We were just having a conversation about reboots the other day, and how it%26rsquo;s possible that Joel Schumacher is single-handedly responsible for the reboot phenomenon that has taken hold of both Hollywood and the games industry. It started with Schumacher making Batman %26ldquo;more colorful%26rdquo; with Batman Forever and Batman and Robin %26ndash; leading to Batman Begins, the success of which led to Casino Royale, and trickling down to a million other film reboots. Videogames, always wanting to be interactive movies, jumped on the bandwagon. And now we have Castlevania: Lords of Shadow. Is it a reboot? Yeah, we think so.
Did Castlevania need a reboot? Surely it has done the whole %26ldquo;go after Dracula in his huge castle for the millionth time%26rdquo; thing to death. But the series hasn%26rsquo;t exactly done the Batman and Robin, has it? Its forays into 3D gameplay haven%26rsquo;t set the world on fire (via flame whip, of course), but they didn%26rsquo;t really jump the shark, did they? It does feel, though, that the ol%26rsquo; %26lsquo;vania could do with some freshening of its almost odiously familiar undead corpse.
Above: Get ready, because this shit is about to get real... epic
Lords of Shadow does feel fresh for a Castlevania game, but much of it will be familiar to anyone who%26rsquo;s played God of War, Bayonetta, Tomb Raider, and/or Uncharted. Oh, and Shadow of the Colossus. If ever a game could fit the term pastiche, LoS jumps in and wears it like a glove. It does bring some new ideas to the table, and it does everything %26ndash; from the graphical details, to the music, to the ludicrously epic boss fights %26ndash; with passion and finesse. One bandwagon it hasn%26rsquo;t jumped on is the trend for games to be easy these days.
We%26rsquo;re reminded of Demon%26rsquo;s Souls when playing LoS %26ndash; but wait, don%26rsquo;t worry, it%26rsquo;s not that difficult. It%26rsquo;s not an easy game, but like Demon%26rsquo;s Souls, its difficulty is always fair. It punishes sloppiness and greed, which importantly distinguishes it from God of War by having a different pace to the combat. Gabriel Belmont, the star of the monster-slaughtering show, has an arsenal of fancy combos, but good luck pulling them off. We%26rsquo;re sure super hardcore gamers will find a way to bust out the ten-hit flurries, but we were too busy dodging. LoS divides its combat into several beautiful, optional playstyles. We were a stick-and-mover, lashing out a couple of quick jabs with the combat cross (Gabriel%26rsquo;s version of the whip), rolling away from danger, and repeating. We did so many somersaults through the game%26rsquo;s 15-20 hour play time (yes, it%26rsquo;s epic) that Gabriel must have needed the world%26rsquo;s best chiropractor by the end.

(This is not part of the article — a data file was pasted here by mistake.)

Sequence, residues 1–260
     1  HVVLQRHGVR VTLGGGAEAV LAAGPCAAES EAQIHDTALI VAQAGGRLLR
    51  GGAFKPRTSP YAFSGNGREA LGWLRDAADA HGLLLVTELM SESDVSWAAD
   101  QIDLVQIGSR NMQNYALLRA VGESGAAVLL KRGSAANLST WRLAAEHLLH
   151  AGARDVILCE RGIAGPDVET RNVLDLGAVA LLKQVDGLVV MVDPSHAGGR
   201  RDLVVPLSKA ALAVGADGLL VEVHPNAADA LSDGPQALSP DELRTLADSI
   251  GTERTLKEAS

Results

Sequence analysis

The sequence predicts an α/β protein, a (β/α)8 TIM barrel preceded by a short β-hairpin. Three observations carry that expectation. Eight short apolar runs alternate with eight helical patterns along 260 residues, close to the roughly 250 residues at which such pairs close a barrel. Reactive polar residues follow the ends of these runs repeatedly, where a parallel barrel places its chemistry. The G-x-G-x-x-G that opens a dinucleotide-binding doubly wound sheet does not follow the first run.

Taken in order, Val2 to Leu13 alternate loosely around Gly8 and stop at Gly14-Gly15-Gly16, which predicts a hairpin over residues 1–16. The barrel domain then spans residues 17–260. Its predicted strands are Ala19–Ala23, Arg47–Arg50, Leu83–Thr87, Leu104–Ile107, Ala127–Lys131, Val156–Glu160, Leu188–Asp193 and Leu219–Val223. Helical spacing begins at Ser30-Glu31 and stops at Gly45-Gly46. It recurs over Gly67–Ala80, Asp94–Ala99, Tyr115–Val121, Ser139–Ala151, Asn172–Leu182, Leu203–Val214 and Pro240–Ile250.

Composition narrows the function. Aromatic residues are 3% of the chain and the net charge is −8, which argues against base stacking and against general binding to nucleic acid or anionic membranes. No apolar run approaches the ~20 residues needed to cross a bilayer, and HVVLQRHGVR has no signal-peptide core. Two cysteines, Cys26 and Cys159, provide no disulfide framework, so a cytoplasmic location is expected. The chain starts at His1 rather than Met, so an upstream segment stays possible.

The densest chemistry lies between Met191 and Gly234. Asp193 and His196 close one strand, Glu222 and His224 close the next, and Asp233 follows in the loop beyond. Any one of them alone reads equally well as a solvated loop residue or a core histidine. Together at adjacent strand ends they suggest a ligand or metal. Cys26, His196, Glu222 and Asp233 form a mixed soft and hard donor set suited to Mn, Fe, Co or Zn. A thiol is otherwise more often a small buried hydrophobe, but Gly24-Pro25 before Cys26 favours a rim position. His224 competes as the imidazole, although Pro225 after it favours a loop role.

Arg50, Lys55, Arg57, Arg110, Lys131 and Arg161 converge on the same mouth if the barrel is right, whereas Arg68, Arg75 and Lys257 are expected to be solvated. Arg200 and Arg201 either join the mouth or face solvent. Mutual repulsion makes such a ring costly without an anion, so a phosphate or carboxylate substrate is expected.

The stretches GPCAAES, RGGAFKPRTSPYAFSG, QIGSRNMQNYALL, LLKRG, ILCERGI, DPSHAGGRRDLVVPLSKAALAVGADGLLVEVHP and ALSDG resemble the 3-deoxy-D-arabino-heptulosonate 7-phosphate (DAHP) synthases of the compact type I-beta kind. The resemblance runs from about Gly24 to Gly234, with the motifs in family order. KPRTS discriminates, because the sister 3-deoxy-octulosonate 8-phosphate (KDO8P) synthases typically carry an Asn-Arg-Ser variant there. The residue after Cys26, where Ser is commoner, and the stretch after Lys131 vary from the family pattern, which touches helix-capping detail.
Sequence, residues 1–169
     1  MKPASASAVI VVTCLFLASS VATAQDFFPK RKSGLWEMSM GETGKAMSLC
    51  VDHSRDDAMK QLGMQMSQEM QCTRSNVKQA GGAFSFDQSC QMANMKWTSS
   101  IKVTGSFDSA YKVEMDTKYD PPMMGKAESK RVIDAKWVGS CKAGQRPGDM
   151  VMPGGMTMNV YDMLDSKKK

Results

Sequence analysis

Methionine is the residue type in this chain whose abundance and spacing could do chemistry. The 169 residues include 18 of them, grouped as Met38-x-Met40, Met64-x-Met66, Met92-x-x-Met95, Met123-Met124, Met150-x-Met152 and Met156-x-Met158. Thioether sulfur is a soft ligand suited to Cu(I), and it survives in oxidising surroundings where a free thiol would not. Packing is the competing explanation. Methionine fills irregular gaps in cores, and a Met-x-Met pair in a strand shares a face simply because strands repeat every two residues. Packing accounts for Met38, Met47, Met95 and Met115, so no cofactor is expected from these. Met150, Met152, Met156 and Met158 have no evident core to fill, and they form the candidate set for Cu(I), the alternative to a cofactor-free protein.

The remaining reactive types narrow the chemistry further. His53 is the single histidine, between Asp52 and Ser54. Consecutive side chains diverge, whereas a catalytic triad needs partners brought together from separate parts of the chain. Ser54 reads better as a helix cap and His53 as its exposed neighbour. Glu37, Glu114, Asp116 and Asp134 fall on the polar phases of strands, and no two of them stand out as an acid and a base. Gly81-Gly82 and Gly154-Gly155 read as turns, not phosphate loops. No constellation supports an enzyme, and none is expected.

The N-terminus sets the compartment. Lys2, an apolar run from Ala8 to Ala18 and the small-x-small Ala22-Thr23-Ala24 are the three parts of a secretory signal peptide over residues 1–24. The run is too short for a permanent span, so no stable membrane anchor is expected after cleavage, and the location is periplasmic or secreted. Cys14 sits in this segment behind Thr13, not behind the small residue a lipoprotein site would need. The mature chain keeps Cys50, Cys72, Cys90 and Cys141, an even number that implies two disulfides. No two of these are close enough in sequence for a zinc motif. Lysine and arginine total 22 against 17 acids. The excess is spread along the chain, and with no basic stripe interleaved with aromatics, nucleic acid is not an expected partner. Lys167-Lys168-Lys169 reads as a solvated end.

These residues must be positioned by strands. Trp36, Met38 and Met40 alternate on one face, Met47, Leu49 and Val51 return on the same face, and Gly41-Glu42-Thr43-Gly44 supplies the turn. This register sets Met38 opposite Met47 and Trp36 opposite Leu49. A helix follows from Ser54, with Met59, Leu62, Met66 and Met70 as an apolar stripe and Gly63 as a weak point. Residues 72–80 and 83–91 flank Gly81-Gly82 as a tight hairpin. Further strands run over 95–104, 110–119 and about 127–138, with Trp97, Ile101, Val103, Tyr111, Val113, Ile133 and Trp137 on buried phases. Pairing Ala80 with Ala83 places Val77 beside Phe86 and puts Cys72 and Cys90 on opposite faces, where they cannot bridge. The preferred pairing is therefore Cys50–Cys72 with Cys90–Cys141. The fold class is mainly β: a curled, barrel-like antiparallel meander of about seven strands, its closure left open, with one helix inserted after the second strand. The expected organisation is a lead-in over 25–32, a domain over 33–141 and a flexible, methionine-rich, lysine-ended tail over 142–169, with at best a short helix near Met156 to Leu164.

Above: This boss was so difficult and long we were sure he was the last boss. Nope - try the first of three mega bosses, and this isn't counting all the "normal" bosses and the skyscraper-sized titans
We didn%26rsquo;t have time to be escalating God of War-style combos because enemies are fast, aggressive, agile, and they do atrocious amounts of damage. Get too greedy with your button mashing and say night-night. However, the other style of fighting that we didn%26rsquo;t get any good at until very late in the game is block-centric instead of dodge-centric. Time a block perfectly and Gabriel can counter-attack. The wonderful thing is that you can pretty much interrupt one of your combos at any time to block, so if you%26rsquo;re good, you can really lash away at an enemy continuously, punctuating your assault with blocks. Getting good at LoS%26rsquo;s combat is a satisfying, if daunting endeavor. You%26rsquo;ll feel like a goddamn vampire hunting king once you figure out your groove (or knock the difficulty down to easy, although we don%26rsquo;t recommend it if you want a truly satisfying experience).
Despite borrowing so many gameplay ideas from other games, LoS feels like its own thing. Something about its internal logic, its visual and aural aesthetic, and its bizarre story make for an experience that is cohesive and stands on its own two feet, instead of just being a Frankenstein monster of pasted-together disparate parts. Weirdly enough, this also means that most of the time, for us, it doesn%26rsquo;t feel like a Castlevania game. Sure, Gabriel is a Belmont, he fights with a %26ldquo;whip%26rdquo; and he fights gothic monsters like werewolves and vampires in gothic settings like dark forests and flying-buttress-adorned castles, but on the other hand, he tromps through sparkly sun-soaked glades and fights trolls along dusty mountain tops, and never once mentions going after series figurehead, Dracula.
Above: There sure are vampires, though. We enjoyed their demonic, batlike makeover
Ardent fans of the Castlevania series will have a range of reactions to LoS. Some will gobble it up and say, %26ldquo;Yes, this feels like Castlevania,%26rdquo; while others will scratch their heads and say, %26ldquo;Where the hell is the castle and where the hell is my cross-shaped boomerang?%26rdquo; For us, we had so much fun along the way, we only occasionally muttered, %26ldquo;Oh yeah, isn%26rsquo;t this supposed to be Castlevania? Why doesn%26rsquo;t it feel like it?%26rdquo; And yet, there were moments of, %26ldquo;Oh yeah, now THAT%26rsquo;S some freakin%26rsquo; Castlevania!%26rdquo;
Gamers especially bewildered by the first few hours of LoS should be aware that part of the confusion is intentional. The game wants the player to ask %26ldquo;So how does this fit into the canon?%26rdquo; It does answer that question, but we won%26rsquo;t spoil it here. Whether that answer will satisfy fans will have to wait until after the game releases.